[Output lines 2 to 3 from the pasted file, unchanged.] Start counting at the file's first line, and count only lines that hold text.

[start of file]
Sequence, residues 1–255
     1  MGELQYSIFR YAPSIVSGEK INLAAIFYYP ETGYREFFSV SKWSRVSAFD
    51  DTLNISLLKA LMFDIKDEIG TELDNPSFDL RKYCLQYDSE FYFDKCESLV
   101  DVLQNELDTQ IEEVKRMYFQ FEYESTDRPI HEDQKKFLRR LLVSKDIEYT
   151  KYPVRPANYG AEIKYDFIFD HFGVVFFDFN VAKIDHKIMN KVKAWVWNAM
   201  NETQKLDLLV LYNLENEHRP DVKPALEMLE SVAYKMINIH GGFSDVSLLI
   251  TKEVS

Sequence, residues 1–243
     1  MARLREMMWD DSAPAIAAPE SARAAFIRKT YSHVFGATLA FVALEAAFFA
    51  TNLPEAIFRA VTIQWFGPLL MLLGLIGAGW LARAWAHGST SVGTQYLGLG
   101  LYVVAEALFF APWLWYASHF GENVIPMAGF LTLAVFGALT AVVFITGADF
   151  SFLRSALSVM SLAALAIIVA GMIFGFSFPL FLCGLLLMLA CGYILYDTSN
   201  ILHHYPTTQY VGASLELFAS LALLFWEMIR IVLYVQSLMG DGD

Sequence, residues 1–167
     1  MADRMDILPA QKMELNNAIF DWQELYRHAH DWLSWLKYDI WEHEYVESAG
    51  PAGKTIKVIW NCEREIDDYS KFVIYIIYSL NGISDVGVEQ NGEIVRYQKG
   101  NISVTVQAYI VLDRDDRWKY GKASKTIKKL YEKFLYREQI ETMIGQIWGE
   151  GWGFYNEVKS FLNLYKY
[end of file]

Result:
     1  MGELQYSIFR YAPSIVSGEK INLAAIFYYP ETGYREFFSV SKWSRVSAFD
    51  DTLNISLLKA LMFDIKDEIG TELDNPSFDL RKYCLQYDSE FYFDKCESLV